Bais Menachem also receives donations of goods and services, such as books, computers, musical and sports equipment, vehicles and recreational equipment.
“We are here only because of the generosity of the local community,” Perlman said.
Student share rooms in dormitory style living and meals are provided. They have free time to come and go, but must abide by the 11 p.m. curfew.
Students volunteer in the community. They tutor Jewish children, help at Bar Mitzvahs, perform at holiday events for senior citizens and visit hospitals.
Perlman receives a lot of feedback from parents and he and his staff work closely with them to assure a student’s needs are met.
Attorney David Schwager of Wilkes-Barre said Bais Menachem has brought worldwide attention to Wilkes-Barre. He said the program is a “special needs yeshiva” that works for students who struggled in more traditional Jewish educational systems.
“Bais Menachem is a feather in our Jewish community’s cap and also for the greater Wyoming Valley to have this school,” Schwager said. “The program provides students with the oppoortunity to learn in a differnt type of setting.”
Perets Yishai Benhiyoun, 18, of Chicago, enrolled in Bais Menachem 16 months ago. He plans to enter rabbinical school.
Benhiyoun said he was attending a Jewish private school in Chicago where he “went through a rough time.” He decided to go to a school in South Africa, where he had a good experience, but the school closed last year.
He said he heard about great opportunities at Bais Menachem.
“This program is unique; it’s amazing,” he said. “Each person here has a story and they are pursuing an education catered to them.”
Benhiyoun said there are “34 different guys” at the school.
“Each one gets an education they way they need it — the way they can learn best,” he said. “And they learn how to live; to take responsibility.”
Coming to Wilkes-Barre was an adjustment for Benhiyoun, having been used to big city surroundings in Chicago.
“Here is quiet,” he said. “It’s one of the reasons we’re able to do well. There are less distractions. The river is nice, too. It’s been a nice change.”
Since he’s been at Bais Menachem, Benhiyoun said his knowledge of Judaism has increased dramatically.
“I’ve gotten clarity,” he said. “There are some very religious guys here and some not so religious. But we are like a family and we are supportive of one another.”
Benhiyoun has developed friendships and shared personal experiences.
“The guys are not judgmental,” he said. “It’s very inspiring. It makes you work more on improving yourself.”
Zalmon Yanover, 22, grew up in South Africa. He attended Bais Menachem when he was 17, then went to rabbinical college in New Jersey and came back to serve as a counselor. He said the program in Wilkes-Barre differs from mainstream education.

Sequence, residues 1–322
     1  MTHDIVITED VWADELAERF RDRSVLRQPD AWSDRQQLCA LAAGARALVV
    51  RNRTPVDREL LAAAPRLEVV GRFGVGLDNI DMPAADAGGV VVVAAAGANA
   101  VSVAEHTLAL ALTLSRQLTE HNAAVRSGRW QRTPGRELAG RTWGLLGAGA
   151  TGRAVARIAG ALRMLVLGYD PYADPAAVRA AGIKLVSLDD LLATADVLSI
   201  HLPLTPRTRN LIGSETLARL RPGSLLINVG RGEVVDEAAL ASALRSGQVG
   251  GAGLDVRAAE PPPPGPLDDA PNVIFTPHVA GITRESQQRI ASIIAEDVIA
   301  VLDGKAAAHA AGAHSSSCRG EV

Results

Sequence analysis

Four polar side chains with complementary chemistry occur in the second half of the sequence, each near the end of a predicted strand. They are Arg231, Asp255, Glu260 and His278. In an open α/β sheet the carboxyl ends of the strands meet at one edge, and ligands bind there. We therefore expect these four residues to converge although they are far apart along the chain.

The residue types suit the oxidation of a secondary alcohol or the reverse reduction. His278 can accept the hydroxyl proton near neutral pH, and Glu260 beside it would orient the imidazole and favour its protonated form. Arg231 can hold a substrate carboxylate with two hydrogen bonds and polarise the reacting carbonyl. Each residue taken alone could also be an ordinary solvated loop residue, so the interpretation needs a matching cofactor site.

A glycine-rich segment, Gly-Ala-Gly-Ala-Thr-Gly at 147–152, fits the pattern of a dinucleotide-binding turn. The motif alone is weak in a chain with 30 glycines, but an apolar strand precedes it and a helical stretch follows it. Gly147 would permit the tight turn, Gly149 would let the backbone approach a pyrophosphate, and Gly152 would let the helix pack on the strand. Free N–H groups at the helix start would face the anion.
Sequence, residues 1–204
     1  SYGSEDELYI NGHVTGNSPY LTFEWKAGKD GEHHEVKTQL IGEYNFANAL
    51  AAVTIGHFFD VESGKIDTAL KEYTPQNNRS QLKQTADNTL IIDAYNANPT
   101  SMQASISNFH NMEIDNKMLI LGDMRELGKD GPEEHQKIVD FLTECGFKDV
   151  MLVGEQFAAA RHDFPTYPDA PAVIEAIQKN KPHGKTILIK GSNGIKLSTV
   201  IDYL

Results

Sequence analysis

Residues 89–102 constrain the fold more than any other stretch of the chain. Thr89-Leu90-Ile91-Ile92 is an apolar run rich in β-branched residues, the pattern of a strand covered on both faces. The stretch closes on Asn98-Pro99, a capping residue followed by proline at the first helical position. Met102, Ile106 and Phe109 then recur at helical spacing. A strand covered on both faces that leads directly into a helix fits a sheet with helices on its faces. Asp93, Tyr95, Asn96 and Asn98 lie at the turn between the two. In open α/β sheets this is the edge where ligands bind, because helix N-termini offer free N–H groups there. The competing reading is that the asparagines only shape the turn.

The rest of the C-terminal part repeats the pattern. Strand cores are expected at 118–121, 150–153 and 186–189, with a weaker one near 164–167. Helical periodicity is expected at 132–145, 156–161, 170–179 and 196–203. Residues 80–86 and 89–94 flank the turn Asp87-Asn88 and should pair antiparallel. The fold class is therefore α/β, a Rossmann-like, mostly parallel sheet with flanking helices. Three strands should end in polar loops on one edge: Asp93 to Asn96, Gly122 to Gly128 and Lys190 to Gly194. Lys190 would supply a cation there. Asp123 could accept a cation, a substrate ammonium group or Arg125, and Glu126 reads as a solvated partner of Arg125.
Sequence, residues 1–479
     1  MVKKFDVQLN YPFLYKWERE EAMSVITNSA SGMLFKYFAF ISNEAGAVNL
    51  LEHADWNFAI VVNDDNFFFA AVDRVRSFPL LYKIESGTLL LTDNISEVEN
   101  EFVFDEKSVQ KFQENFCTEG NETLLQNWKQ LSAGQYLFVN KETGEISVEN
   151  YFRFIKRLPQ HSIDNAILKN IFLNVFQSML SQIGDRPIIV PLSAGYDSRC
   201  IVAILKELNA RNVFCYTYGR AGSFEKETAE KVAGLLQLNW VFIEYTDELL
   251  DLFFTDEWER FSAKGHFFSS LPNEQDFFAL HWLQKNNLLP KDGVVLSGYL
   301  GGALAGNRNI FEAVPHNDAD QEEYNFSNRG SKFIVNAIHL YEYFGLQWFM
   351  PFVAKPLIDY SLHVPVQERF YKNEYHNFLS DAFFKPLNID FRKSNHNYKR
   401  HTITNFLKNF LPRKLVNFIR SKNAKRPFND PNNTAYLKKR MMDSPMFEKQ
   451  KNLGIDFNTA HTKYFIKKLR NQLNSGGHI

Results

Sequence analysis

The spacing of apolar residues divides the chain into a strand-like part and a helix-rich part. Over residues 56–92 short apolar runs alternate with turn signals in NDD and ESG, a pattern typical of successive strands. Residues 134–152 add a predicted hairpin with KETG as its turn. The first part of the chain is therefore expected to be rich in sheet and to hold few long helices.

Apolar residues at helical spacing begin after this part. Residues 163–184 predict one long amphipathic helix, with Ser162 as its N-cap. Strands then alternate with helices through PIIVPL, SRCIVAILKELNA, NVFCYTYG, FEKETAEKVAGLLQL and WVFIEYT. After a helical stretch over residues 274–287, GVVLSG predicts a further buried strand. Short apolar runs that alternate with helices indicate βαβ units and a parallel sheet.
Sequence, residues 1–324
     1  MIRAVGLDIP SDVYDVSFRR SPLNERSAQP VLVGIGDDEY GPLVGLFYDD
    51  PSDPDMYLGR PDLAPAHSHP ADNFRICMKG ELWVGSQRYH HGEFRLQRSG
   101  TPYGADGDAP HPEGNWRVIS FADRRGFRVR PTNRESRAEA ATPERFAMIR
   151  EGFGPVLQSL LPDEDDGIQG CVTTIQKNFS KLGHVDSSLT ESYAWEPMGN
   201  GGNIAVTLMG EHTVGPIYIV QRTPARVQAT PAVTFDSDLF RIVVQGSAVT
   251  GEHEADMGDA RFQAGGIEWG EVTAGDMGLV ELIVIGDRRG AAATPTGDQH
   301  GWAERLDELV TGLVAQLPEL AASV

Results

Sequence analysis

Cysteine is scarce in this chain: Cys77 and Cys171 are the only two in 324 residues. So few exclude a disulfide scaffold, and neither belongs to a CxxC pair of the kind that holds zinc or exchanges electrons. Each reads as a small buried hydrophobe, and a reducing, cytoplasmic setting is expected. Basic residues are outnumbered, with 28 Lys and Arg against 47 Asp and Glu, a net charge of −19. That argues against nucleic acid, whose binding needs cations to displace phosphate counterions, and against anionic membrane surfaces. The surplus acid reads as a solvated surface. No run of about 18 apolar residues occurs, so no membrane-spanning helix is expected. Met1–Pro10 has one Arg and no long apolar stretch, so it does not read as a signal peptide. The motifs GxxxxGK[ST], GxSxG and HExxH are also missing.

“Most schools take students and bunch them together, apply a formula and hope it works,” Yanover said. “Here is an alternative style, a holistic approach that leaves room for development.”
Yanover said even Jewish mainstream education facilities, although not bad places, use a mold.
“There is no mold used here,” he said. Here we stress creativity and personal growth. It worked for me. I’m a big brother now — ‘dugma chaya’ — a living example or role model.”
Yanover said a lot of the students have been through similar circumstances. He said he is one who now has the ability to give back.
“I grew up here at this place,” he said. “We have a group of teenagers who are growing and seeking self-esteem. I’m still growing, but like many others, I am much wiser. I now have more clarity. I know who I am.”
Yanover plays guitar and piano and writes music. He likes Wilkes-Barre and its small-town atmosphere.
Moshe Fehler, 18, is from London and is in his second year at Bais Menachem. He is studying religious philosophy and creative arts. He designed the back of the shirt he was wearing.
“I was in school I didn’t like,” he said. “It didn’t click for me.”
Fehler went to New York City and then to Pittsburgh. He said he left home at 15, but would return every couple of months.
“Hassidic schools can be restricting, but not here,” he said. “It’s a different approach, more creative. And the program works because it is very, very focused on individual students and their needs.”
Fehler said students are given the space and the time to grow.
“I thought I was happy in England, too, always partying,” he said. “That wasn’t what I wanted. I would go to bed every night wondering if there was more to life.”
Fehler said he has discovered there is far more to life than partying. He said he now has a sense of direction.
“I’m self-confident — much improved,” he said. “I was very close-minded for a long time, I’ve now opened up. I’m seeing a different way to get out of the box.
“I’ve become a better person and a better Jew.”